It’s taken me years of subscribing to these magazines or buying them on newsstands to finally admit to myself that, more often than not, they sit on my desk upon arrival and don’t get read. Whether consciously or subconsciously, I consider them to be objects to be stored and protected from the ravages of reading.

This calls to mind one of my favorite quotes, from the book, The Picture of Dorian Gray:

We can forgive a man for making a useful thing as long as he
does not admire it. The only excuse for making a useless
thing is that one admires it intensely.
All art is quite useless.

My advice to Mr. Vihn is to do his best to get over his phobia of using magazines. I’m not saying he needs to go as far as to dog ear the pages, but use them, break them in like a good baseball mitt. Believe it or not, the books and magazines I’ve knocked around a bit tend gain more value to me than the museum pieces I haven’t touched for years.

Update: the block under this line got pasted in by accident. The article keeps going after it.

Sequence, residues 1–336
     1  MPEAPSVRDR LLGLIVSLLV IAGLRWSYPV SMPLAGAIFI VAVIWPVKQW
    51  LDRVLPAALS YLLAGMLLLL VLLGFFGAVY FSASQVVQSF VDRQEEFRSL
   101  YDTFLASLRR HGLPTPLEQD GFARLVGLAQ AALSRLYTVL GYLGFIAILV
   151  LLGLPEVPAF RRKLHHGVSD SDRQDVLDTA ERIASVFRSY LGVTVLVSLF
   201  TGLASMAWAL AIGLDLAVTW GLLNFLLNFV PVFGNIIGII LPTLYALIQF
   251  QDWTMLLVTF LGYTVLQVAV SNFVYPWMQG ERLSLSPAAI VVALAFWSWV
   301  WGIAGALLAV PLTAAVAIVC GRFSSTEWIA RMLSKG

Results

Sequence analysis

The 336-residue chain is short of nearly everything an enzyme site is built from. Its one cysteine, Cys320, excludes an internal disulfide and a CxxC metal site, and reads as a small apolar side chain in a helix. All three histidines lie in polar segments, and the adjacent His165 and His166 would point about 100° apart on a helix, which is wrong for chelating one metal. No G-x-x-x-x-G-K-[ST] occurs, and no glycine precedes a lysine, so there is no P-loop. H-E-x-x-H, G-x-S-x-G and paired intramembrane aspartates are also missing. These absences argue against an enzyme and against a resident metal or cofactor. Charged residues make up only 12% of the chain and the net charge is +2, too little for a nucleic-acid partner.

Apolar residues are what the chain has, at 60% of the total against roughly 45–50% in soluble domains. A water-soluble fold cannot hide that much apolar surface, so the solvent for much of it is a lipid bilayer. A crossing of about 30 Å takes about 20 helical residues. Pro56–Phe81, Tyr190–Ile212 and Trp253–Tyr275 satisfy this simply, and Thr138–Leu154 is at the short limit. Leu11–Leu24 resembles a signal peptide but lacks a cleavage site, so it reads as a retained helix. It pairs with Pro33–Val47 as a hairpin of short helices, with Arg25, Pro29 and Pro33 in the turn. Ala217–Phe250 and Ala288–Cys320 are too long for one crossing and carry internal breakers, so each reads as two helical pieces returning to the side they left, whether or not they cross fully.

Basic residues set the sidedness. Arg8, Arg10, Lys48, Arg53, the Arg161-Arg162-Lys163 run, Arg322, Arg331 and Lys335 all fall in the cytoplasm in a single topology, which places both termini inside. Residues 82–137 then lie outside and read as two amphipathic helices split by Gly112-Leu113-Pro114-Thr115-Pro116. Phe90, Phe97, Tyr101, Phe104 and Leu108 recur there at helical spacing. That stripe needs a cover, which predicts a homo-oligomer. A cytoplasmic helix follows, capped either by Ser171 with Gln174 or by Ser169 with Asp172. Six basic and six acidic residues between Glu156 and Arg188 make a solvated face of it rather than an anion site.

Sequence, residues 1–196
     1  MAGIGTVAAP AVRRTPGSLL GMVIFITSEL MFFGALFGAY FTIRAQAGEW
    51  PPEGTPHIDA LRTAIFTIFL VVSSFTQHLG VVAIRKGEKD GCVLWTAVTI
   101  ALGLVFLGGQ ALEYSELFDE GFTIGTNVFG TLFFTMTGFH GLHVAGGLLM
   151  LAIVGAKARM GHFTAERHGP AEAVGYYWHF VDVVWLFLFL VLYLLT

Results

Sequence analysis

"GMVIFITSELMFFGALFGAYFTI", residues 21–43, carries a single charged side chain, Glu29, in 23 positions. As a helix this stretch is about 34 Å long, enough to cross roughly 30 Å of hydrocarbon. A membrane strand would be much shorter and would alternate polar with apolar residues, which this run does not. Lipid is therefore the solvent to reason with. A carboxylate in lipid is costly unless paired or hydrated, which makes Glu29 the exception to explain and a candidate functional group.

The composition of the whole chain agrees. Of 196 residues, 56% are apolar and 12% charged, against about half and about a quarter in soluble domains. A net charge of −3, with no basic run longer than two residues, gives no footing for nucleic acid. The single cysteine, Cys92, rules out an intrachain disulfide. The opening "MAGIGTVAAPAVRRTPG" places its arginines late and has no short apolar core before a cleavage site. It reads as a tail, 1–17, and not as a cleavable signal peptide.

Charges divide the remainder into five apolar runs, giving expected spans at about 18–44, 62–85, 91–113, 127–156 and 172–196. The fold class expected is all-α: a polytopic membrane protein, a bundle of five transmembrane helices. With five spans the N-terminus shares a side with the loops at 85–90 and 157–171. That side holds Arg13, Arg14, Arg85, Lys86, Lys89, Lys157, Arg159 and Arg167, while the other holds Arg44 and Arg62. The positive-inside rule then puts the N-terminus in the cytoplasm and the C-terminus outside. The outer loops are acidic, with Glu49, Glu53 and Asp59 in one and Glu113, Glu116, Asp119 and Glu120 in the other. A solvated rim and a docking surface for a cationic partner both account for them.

I feel the same way about electronics. The more you try to keep them scratch-free and perfect, the more upset you’ll be when they get scratches, nicks and dings (I’ve written about this before).

vernacular design

I’m surprised how many designers (web or otherwise) that don’t know the term vernacular design. Considering how much vernacular design is out there, I can guess a lot of people don’t know that they’re even engaging in it.
Vernacular design refers to a style, not to a methodology. A common example would be the vintage/retro style this site uses. I love old car manuals, diagrams and typographic styles from the 1950’s & 1960’s. I could use a similar style on any site if I chose to – what gives the style meaning is underlying metaphor from my studio – The Combustion Chamber, and the extension of this ‘brand’ into this blog, Daily Exhaust.
Many designers don’t reach out at all in order to marry a vernacular design style with a concept, they just do it because it looks good and many can make a good living designing by style and not by meaning derived from the content of the project. This doesn’t make it right.